Italy Mulls Over Paid Menstrual Leave to Women, But Practice Stirs Debate
Should Italy grant women time off work for painful periods?
Italy is considering requiring three days of paid leave every month for women “who experience painful periods.”
The measure was introduced to Parliament by four female lawmakers, and a draft bill is currently being debated in Italy’s parliament, reports the Washington Post. The law would apply to women who experience severe pain during menstrual cycles, and would require a doctor to sign off each year.
Italy is not the first country to do this. Japan, South Korea, Taiwan, Zambia, and Indonesia all have measures in place that offer paid time off for menstrual leave. A company in the United Kingdom, Coexist, also plans to introduce a policy after a study showed women were more creative and productive after menstruation.
The idea itself, offering women compensated time off for menstrual pain, has been largely debated among feminists.
Some say that it is a progressive step forward in policy-making, and one that would give women more freedom in the workplace.
Italian Marie Claire magazine weighed the policy calling the idea a “concept-bearer of progress and social sustainability.”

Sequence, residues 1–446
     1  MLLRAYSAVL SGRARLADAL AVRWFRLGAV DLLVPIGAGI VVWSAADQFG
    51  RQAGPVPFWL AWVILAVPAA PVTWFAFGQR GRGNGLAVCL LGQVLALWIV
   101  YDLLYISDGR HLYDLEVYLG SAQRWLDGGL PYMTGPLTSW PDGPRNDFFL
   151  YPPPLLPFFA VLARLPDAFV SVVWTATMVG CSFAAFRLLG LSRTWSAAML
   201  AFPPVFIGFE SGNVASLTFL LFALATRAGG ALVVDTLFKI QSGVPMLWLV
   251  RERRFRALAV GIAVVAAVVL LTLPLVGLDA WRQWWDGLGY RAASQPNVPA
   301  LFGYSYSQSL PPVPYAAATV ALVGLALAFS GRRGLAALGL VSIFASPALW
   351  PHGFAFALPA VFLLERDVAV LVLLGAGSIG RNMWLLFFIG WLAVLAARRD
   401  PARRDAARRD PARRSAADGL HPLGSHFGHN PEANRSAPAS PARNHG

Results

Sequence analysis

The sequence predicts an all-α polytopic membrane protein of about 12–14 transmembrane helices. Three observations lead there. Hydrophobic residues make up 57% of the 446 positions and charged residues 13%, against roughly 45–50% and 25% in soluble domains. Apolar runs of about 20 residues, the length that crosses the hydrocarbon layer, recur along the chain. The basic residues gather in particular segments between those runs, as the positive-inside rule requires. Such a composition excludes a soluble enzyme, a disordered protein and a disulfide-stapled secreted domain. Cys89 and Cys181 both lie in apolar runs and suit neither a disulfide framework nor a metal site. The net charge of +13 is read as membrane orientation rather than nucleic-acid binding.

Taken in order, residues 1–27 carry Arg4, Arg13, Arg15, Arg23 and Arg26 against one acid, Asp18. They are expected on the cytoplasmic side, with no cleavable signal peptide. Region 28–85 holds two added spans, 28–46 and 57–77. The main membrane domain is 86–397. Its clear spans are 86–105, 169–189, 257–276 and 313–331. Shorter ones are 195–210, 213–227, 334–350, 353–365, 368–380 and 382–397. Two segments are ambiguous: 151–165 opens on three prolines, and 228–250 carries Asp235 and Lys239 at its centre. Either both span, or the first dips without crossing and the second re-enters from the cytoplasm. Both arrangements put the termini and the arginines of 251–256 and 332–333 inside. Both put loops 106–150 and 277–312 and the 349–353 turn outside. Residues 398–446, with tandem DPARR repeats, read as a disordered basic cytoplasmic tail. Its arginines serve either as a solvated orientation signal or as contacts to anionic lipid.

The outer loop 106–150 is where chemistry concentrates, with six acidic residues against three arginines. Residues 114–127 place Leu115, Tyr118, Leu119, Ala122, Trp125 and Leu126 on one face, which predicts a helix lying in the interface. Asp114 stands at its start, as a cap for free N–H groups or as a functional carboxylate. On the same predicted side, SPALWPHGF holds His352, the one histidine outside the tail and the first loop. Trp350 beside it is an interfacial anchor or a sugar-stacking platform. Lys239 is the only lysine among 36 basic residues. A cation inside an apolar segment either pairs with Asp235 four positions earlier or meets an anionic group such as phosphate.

“For too long there’s been a taboo surrounding periods – I have women staff telling me they’re ashamed to admit they’re in pain. I want us to break down that shame and replace the negativity with positivity,” said Coexist director Bea Baxter. “Both men and women have been open to the ideas, especially from the younger generation.”
On the flipside of the crimson tide debate, opponents argue it could aggravate negative stereotypes about menstruation and employers could easily turn the policy against women.
“Employers, in a market already affected by other variables, would be targeted to choose to hire men and not women, with equal qualifications and skills,” said Lorenza Pieuteri in Donna Moderna, a modern women’s publication in Italy.
Pieuteri is not wrong to worry. Italy has one of the worst disparities in the EU for hiring women, and is ranked 114 of 144 countries for working women in the 2016 Global Gender Gap report.
The average workforce percentage for women in EU countries is 72.9%, Italy, in comparison only has 65% of its women engaged in the economy according to the Organisation for Economic Co-operation and Development.
And in Japan, women fear utilizing the policy because gender stereotypes are still rampant in the workplace, according to the Guardian.
“If you take menstrual leave, you’re basically broadcasting to the entire office which days of the month you have your period,” Kyoko, who wished to keep her full identity anonymous, said. “It’s not the sort of thing you want to share with male colleagues, and it could lead to sexual harassment.”
Looks like the Italian parliament will have a lot to consider before making a final decision.